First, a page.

Whitman news since 1896

Whitman Wire

Vol. CLIV, Issue 5
Whitman news since 1896

Whitman Wire

Whitman news since 1896

Whitman Wire

Hand count determines firstyear Senate election results

First-year students voted on Tuesday for the four senators that will represent them in the Associated Students of Whitman College Senate.

Stephen Stradley, Matt Dittrich, Duji Tahat and Elisa Jaramillo were elected to represent the Class of 2012 in this year’s ASWC Senate.

Mired by technical difficulties, the finalvote count for the election was hand-counted by Kendra Vandree, Oversight Committee Chair, Andrea Ramirez, Director of Student Activities, and Leann White, Assistant Director of Student Activities, Vandree said.

Then, on Wednesday morning, the count was approved by the ASWC Oversight Committee.

“I was very, very excited,” Jaramillo said. “One of the other people who won actually called me and I didn’t find out until about 1 p.m.”

Though it is difficult to gauge what percentage of the vote each candidate received––ASWC uses a preferential voting system as opposed to the more common all-or-nothing system –– Stradely had the highest percent at 12.3 percent, Dittrich followed with 10.6 percent while Tahat and Jaramillo came in with 9.2 percent of the ‘first preference’ vote, according to voting numbers released on Wednesday.

The election, whose campaign season officially began on Sept. 12, saw one of the largest fields in recent years, said Paul Butler, Oversight Committee member.

“We had 17 candidates running this year, whereas last year we had eight,” Butler said. “That’s a huge increase.”

The field was initially set at 20, however, three candidates retracted their names at the last minute, according to Butler.

Candidates noted the difficulty of such a long list of potential senators. “With 18 people up there, it’s really hard to differentiate yourself,” Tahat said.

The increase in candidates may have also had an impact on voter apathy, which has gone down, Butler said.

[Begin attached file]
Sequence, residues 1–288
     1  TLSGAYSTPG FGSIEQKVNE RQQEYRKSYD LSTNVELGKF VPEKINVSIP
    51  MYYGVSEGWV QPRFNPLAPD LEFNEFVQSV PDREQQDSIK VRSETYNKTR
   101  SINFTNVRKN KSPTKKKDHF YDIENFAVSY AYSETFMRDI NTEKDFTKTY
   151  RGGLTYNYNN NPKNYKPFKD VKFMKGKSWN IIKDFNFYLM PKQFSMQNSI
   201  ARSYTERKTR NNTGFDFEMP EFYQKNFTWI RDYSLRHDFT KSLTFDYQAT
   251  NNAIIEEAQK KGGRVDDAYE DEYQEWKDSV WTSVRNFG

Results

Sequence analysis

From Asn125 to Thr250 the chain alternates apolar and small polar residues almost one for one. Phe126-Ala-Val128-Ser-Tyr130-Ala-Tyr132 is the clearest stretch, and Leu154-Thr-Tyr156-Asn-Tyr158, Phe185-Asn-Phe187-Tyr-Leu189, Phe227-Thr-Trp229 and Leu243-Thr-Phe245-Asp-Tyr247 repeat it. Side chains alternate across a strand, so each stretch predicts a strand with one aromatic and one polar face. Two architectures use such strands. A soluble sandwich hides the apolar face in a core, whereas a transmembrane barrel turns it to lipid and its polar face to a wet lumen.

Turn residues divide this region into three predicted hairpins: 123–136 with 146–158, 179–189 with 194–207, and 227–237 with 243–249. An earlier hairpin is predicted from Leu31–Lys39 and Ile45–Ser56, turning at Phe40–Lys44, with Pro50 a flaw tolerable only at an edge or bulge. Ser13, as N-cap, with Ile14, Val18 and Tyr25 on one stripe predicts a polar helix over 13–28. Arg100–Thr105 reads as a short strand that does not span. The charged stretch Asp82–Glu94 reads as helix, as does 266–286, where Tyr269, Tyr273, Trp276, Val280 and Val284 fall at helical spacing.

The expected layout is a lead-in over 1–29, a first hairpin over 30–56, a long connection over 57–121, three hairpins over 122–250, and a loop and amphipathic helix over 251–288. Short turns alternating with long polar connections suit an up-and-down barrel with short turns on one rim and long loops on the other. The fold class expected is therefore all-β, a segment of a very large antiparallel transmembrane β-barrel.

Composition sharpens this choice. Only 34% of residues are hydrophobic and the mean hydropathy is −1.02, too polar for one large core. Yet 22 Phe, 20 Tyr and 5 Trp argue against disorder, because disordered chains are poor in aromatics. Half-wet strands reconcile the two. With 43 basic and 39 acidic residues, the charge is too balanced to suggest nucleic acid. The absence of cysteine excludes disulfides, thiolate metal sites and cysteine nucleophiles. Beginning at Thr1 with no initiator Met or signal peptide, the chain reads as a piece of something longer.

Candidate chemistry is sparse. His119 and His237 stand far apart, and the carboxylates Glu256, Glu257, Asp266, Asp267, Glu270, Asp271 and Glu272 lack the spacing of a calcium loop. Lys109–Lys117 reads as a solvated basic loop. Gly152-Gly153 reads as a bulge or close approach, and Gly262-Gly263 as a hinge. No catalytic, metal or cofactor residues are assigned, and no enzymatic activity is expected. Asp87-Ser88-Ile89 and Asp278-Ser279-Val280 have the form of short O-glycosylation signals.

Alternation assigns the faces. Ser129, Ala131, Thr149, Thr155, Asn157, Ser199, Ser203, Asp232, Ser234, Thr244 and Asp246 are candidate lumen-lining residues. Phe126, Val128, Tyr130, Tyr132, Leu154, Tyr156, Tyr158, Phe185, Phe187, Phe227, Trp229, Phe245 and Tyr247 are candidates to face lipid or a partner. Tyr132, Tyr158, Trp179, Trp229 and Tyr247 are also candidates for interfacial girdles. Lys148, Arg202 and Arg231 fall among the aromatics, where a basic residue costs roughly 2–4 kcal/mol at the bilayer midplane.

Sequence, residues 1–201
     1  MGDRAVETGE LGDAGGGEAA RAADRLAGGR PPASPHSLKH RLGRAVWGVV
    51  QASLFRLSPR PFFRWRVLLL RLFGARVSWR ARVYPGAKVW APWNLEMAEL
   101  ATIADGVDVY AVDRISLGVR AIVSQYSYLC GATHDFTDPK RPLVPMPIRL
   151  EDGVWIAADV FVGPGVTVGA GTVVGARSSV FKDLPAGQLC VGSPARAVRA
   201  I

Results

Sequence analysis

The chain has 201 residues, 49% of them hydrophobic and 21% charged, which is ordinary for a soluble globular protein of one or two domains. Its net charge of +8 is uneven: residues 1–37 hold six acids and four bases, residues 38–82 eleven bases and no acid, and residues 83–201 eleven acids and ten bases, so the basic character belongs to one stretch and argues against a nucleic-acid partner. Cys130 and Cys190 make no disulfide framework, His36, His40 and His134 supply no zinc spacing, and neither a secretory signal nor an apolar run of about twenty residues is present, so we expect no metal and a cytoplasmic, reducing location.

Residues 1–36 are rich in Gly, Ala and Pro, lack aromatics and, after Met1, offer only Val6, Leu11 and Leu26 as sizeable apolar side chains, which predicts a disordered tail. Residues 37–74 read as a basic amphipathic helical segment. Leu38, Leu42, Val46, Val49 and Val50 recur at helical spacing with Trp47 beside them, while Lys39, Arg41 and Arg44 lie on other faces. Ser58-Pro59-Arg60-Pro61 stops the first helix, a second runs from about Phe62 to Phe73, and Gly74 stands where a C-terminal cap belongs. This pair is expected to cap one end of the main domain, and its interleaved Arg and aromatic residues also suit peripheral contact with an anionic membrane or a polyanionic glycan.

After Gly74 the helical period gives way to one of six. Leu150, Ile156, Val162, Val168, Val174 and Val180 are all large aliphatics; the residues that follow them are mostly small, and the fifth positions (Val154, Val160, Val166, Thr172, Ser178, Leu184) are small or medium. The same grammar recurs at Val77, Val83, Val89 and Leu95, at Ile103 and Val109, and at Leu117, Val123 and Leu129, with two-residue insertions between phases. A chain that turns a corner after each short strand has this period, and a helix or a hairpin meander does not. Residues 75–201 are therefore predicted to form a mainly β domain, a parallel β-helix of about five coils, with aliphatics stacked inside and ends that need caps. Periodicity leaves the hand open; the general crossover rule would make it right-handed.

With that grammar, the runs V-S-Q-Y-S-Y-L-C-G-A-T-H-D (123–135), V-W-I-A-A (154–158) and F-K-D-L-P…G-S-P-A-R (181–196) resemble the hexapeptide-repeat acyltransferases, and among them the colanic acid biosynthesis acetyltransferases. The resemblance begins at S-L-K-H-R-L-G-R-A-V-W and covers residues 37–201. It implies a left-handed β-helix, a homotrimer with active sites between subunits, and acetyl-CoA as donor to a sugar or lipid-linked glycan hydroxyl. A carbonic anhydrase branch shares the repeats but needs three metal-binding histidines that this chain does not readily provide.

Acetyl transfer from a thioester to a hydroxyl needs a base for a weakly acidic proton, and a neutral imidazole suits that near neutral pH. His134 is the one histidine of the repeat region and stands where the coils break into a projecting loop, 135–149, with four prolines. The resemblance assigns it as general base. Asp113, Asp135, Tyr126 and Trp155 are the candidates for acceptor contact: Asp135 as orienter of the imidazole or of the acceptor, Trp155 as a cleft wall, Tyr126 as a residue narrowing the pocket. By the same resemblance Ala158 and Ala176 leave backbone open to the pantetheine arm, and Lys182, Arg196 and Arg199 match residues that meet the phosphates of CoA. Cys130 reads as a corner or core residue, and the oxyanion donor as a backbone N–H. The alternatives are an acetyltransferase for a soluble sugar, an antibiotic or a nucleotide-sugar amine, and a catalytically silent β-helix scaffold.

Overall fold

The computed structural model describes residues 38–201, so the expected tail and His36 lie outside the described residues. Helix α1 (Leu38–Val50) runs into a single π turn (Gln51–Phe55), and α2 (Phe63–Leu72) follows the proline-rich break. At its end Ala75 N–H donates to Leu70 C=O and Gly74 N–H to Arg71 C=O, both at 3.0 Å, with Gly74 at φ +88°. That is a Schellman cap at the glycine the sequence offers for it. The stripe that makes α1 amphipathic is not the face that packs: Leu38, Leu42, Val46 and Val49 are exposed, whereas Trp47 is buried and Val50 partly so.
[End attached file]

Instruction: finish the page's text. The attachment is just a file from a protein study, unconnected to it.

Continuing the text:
“When we did the forums, there were more people there than I’ve seen at any other ASWC event,” Butler said.

Exactly two-thirds, 292 students, of the first year class voted in ASWC’s preferential voting system in which students are able to rank candidates based on their preference as opposed to a winner-take-all system in which voters may only vote for one candidate.

The system is one Whitman has adopted in order to give each vote “more input” and, by extension, the voter more of a say in the election’s outcome, Butler said. “Instead of just having one vote you cast for one candidate, you put your order of preferences down,” Butler said. “So in this election, you can vote one through 17, if you want to, listing all of your preferences in order.”
Butler suspected the voter turnout on Wednesday was higher than that of previous first year elections.

“We usually don’t get the greatest turnout,” Butler said. “If we get above 60 or 70 percent, that’s pretty good.”

Going into Tuesday’s election, many of the candidates felt confident in their qualifications. “All of the other candidates are really experienced, just like I am. We’ve all been a part of a community leadership position in high school,” Lihn Le said. “Personally, I think I have experience because I’ve been involved in student government all four years of high school… I have the motivation and drive to make this a better place.”

“In my junior year of high school, I was one of the first juniors in over a decade to be on the executive board,” Tahat said. “I was on a youth council board where we actually got to give away $50,000 grants to various nonprofit organizations in my community.”

“I was my high school student body president,” Stradley said. “We were very successful, finishing with the highest surplus in school history and also had the school’s first rave and drive-in movie.”

Several of the candidates believed they could bring a new perspective to ASWC by virtue of their diverse heritage.

“I was born in the Philippines and my dad is from Jordan,” Tahat said. “I have a very unique background.”

“I grew up in a different country, an African country called Eritrea,” Yonas Fikak said. “I believe I have a different perspective than most of the students here because I’ve been in the third-world and now, all of a sudden, I’m here in the first-world.”

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